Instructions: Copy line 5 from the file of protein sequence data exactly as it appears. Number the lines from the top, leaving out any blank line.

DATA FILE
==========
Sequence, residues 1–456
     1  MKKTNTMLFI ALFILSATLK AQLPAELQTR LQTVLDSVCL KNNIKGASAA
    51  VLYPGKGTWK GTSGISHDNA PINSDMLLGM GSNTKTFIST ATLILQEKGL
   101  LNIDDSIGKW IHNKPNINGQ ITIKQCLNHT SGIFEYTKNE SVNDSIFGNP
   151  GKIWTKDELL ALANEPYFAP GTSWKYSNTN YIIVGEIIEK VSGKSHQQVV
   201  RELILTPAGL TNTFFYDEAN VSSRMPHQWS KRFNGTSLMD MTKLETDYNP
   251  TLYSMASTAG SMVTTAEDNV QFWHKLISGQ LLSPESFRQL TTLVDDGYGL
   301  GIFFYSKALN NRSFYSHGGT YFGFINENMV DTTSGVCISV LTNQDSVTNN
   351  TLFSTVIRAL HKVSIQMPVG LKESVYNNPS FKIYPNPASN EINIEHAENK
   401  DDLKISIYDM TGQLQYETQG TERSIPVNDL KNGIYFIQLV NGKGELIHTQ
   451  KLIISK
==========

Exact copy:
   151  GKIWTKDELL ALANEPYFAP GTSWKYSNTN YIIVGEIIEK VSGKSHQQVV